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President Obama: 'We are hitting ISIL harder than ever'

President Obama announced Monday he is sending his defense secretary to Iraq to review the ongoing fight against ISIS.

President Obama dispatched his defense secretary to Iraq on Monday to review the ongoing fight against ISIS — and insisted coalition forces were hitting the murderous militants "harder than ever."

"ISIS leaders cannot hide, and our message to them is simple: you are next," Obama said, using the government's acronym for ISIS. "Since this summer, ISIL has not had a single successful major offensive operation on the ground in either Syria or Iraq."

Obama said they are also targeting ISIS' headquarters in Raqqa and the outfit's social media operations.

"As we squeeze its heart, we'll make it harder for ISIL to see its propaganda to the world," he said.

But while Obama listed top ISIS thugs who have been killed and insisted they were taking out the group's leaders "one by one," he unveiled no new strategy solutions for eradicating ISIS during an 8-minute address at the Pentagon.

"This fight continues to be difficult," Obama said, flanked by Defense Secretary Ash Carter and top military leaders.

"We are hitting ISIL harder than ever," Obama said using an alternative name for the terrorist group. Obama, who was flanked by top military leaders, described the increased number of airstrikes, reclaimed territory and defeated ISIS leaders.

Over at the White House, spokesman John Earnest insisted the fight against ISIS is gaining "momentum" and noted the coalition has launched more strikes against the group in November than in any previous month of the campaign.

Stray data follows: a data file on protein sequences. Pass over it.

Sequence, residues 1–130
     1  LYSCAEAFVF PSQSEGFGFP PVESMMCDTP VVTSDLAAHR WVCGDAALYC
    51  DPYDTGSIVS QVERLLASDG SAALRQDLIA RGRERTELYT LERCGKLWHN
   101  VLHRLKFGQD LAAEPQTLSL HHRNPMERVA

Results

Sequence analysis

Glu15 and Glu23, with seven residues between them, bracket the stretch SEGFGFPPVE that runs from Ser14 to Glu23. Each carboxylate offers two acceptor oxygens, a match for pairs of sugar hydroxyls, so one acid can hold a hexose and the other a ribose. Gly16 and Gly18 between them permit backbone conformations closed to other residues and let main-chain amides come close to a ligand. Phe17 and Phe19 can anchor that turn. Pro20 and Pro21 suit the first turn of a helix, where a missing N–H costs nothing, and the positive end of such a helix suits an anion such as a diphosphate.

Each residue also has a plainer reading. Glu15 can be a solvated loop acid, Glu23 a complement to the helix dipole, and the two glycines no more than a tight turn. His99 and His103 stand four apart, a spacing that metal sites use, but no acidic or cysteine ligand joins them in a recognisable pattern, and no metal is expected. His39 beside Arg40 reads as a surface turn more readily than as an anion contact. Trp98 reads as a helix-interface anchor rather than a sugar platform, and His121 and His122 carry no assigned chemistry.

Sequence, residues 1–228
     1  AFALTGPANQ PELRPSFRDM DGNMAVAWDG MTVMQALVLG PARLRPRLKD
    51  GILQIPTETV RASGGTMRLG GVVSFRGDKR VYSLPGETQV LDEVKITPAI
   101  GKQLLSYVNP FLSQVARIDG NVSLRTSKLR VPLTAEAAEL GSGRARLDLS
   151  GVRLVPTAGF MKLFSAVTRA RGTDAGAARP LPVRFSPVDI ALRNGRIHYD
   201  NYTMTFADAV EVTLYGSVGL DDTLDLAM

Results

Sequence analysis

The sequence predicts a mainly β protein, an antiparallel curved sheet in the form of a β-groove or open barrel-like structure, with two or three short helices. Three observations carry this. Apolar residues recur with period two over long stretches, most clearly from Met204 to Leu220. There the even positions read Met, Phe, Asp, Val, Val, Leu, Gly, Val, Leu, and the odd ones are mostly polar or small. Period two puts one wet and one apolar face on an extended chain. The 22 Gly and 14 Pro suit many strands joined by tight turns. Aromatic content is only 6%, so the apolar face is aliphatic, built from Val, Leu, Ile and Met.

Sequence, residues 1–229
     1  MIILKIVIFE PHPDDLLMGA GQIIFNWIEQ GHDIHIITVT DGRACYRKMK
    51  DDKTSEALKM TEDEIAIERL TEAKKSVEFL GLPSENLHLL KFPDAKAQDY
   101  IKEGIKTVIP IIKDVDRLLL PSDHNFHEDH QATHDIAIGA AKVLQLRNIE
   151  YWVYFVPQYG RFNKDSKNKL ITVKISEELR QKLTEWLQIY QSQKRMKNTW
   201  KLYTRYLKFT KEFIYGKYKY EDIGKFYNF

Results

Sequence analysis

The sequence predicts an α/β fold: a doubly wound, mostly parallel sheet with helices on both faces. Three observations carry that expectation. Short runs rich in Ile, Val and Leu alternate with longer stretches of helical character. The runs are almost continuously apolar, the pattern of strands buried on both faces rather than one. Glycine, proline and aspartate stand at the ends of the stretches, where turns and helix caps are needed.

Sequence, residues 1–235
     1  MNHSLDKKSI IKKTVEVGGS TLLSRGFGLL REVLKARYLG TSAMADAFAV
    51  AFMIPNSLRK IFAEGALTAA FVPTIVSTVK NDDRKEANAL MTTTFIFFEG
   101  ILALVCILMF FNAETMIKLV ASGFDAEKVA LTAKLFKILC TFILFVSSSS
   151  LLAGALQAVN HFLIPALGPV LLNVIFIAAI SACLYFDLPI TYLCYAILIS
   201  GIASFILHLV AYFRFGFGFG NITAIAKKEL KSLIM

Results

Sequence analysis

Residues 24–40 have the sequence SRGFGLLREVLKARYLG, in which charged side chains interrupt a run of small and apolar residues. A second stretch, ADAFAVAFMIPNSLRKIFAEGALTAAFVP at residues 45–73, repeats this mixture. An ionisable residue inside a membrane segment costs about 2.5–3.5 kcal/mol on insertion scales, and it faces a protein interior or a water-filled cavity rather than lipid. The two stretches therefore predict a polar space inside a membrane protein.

"The president is not going to be satisfied until ISIL is degraded and ultimately destroyed," he said.

Obama spoke to the nation after he and Vice President Biden received an update on the anti-ISIS effort from military brass. It was the first such huddle since July 6 - and came after Obama has taken months of flak from Republicans for refusing to take a more muscular approach to dealing with ISIS.

The president, who was elected on a promise to extricate the U.S. from the deeply unpopular war in Iraq that his GOP critics wholeheartedly supported, had been reluctant to send American ground forces in to battle the head-chopping fanatics.

But earlier this month, Carter announced that the U.S. would deploy 100 to 150 special operations forces that would conduct ground combat raids against ISIS targets in both Syria and Iraq.

Then, in only his third address to the nation from the Oval Office, Obama tried to reassure Americans unnerved by the San Bernardino slaughter that the U.S. had a handle on the "evolving" threat of terrorism and vowed to destroy ISIS.

But once again, Obama cautioned against a "costly ground war" saying it would serve only as a recruitment tool for ISIS and result in more American deaths.

Predictably, Obama's speech was panned by Donald Trump and the other Republicans running for president. But even some Obama supporters criticized the address saying he offered no new solutions.

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